Why Self-Care Is as Important as Your Beauty Routine
Jul 07, 2017
As much as we love our skincare routines, it's actually self-care that may be the most important multi-step routine you need to practice on the daily — for mind, body, and glowing skin. Here's why.
Self-confidence, self-pity, self-criticism, self-empowerment — these various emotions and attitudes have one clear thing in common: the self. Whether you’re happy with your body image or your confidence is shot to pieces, it comes down to the self-care routine (or lack thereof) that you’re practicing in your life.
More often than not, our self-care regimens get tossed aside, as most of us tend to place other priorities — family, social life, significant others, job obligations and school responsibilities — before our own needs. Well, we’re here to give you a gentle nudge in the other direction. It’s time to get back to caring for yourself.
What is Self-Care?
What does self-care mean, and what’s it look like from day to day? Much like skincare, it’s all about individualizing steps to a routine that you actively and regularly follow. Unlike skincare, though, a self-care routine pursues more than just improving your visible appearance — its goal is to reach the fullest potential for your mental, emotional, and physical health and well-being.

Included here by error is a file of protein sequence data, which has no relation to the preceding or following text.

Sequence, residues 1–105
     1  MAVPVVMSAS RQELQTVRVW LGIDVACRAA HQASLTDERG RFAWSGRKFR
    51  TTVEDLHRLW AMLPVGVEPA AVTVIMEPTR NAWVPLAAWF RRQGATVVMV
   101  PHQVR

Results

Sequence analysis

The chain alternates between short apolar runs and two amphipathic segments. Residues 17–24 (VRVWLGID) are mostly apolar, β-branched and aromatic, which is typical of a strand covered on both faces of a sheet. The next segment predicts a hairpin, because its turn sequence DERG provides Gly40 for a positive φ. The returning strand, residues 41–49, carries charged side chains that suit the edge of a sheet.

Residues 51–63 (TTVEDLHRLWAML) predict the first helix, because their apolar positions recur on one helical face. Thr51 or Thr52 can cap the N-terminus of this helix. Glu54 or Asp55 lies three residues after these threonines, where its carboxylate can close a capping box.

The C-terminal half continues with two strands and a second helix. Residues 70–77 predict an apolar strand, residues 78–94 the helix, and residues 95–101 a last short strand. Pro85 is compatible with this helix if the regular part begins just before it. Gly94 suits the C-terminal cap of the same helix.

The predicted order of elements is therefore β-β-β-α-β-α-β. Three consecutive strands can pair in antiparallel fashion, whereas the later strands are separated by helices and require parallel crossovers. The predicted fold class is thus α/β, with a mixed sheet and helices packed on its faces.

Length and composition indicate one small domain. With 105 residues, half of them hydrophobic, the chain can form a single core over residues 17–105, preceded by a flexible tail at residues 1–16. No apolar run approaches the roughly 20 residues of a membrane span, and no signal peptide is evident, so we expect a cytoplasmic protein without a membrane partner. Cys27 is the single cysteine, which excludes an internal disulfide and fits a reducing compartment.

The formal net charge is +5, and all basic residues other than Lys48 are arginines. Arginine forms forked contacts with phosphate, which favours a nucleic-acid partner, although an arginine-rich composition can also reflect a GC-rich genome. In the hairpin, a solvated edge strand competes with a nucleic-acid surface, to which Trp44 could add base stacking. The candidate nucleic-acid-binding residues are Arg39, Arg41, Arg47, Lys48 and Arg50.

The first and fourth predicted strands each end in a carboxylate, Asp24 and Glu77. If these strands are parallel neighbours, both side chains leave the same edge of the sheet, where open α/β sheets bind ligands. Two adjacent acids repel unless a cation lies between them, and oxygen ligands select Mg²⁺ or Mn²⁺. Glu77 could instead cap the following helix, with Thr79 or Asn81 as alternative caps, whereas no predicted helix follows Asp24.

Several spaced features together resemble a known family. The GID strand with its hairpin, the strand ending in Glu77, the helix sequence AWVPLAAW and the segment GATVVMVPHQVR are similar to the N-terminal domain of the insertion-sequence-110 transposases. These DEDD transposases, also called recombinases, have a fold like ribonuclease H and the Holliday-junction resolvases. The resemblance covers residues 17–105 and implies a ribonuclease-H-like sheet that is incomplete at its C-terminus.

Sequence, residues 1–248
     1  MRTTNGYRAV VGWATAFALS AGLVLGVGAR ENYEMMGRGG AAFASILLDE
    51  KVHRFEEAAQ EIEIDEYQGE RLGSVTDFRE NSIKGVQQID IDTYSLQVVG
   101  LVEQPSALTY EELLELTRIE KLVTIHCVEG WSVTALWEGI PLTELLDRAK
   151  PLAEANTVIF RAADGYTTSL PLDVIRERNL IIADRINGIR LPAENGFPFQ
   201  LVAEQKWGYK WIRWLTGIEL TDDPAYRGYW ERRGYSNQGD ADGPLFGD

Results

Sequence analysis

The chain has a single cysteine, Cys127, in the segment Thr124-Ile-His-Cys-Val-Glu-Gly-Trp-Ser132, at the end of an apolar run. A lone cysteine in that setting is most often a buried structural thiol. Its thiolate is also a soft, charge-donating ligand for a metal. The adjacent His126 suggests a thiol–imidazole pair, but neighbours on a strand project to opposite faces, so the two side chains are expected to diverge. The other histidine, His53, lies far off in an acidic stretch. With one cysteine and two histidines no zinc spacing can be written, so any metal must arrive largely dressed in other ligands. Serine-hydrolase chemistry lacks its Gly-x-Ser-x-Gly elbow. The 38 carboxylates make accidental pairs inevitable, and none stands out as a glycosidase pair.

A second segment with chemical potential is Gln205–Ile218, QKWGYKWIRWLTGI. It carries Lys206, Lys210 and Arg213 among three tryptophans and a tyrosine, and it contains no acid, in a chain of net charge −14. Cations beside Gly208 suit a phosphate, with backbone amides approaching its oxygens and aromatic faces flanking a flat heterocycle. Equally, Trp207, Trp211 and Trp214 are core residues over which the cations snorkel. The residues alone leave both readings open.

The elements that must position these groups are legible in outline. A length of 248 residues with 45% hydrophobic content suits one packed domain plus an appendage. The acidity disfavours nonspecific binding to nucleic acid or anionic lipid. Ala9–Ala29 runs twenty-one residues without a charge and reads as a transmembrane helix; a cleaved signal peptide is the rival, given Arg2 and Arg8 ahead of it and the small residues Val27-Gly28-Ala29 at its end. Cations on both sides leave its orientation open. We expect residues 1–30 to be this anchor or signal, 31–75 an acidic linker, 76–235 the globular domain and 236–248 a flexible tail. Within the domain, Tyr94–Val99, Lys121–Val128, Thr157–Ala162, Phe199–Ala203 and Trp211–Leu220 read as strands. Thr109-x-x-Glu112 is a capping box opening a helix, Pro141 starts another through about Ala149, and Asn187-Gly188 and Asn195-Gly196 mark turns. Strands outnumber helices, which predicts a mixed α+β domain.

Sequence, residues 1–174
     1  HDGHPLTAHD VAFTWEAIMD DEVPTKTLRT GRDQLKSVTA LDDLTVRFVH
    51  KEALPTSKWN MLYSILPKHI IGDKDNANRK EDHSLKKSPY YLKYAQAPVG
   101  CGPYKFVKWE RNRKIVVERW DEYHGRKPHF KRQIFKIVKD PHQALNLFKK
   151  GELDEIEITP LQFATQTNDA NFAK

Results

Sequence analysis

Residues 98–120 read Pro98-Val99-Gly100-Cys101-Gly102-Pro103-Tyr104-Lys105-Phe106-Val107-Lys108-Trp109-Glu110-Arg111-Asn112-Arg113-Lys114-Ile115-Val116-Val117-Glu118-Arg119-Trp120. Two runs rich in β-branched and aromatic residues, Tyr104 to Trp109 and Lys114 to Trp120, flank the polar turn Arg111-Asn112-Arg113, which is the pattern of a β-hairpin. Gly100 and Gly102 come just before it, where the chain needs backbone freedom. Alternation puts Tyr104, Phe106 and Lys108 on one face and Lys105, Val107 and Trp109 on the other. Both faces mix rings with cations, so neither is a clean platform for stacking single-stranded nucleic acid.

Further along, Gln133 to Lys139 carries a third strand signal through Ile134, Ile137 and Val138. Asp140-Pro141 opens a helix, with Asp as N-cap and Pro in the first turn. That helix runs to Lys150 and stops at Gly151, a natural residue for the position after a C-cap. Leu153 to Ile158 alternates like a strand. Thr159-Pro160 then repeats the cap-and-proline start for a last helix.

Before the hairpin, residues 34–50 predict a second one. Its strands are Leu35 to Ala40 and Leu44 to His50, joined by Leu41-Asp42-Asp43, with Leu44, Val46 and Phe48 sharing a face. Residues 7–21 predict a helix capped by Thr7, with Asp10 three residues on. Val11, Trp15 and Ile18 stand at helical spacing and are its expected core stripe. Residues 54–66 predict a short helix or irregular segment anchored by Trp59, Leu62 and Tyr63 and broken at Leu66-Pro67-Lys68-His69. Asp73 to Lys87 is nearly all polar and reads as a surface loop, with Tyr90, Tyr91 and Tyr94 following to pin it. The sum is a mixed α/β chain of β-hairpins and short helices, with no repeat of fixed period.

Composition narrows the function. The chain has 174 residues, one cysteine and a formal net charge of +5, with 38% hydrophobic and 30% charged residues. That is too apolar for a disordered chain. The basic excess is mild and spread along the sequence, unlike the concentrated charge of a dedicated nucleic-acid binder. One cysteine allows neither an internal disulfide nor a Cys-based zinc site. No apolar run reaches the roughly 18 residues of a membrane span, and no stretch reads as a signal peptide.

“Self-care isn’t a selfish act,” clarifies psychologist Raphailia Michael. “It is not only about considering our needs; it is rather about knowing what we need to do in order to take care of ourselves, being subsequently able to take care of others as well.”
Referred to as activities of daily living (ADLs) by mental health professionals, self-care is more than just a beauty routine (although that can be a part of it), and as like a beauty routine, it’s completely individualized. Where one person may find rest reading a book or journaling in solitude at their favorite café, another might feel their souls rejuvenated after an hour-long group workout. A daily routine can be as simple as making the bed, or as elaborate and detailed as a wind-down session at the end of the day, with candles lit and music humming in the background.
According to Goodtherapy.org, “People all have different requirements for self-care, but in general, the goals of self-care are to find a state of good mental and physical health, reduce stress, meet emotional needs, maintain one’s relationships, both romantic and platonic, and find a balance between one’s personal and academic or professional life.”
So whatever it may be — meditating, rock climbing, scrapbooking, even your skincare routine — know that how you self-care is as unique as you are a person. And if grabbing drinks during happy hour with your best friend is your version of self-care, then we wholeheartedly say: You do you, girl.
Everyday Ways To Care For Yourself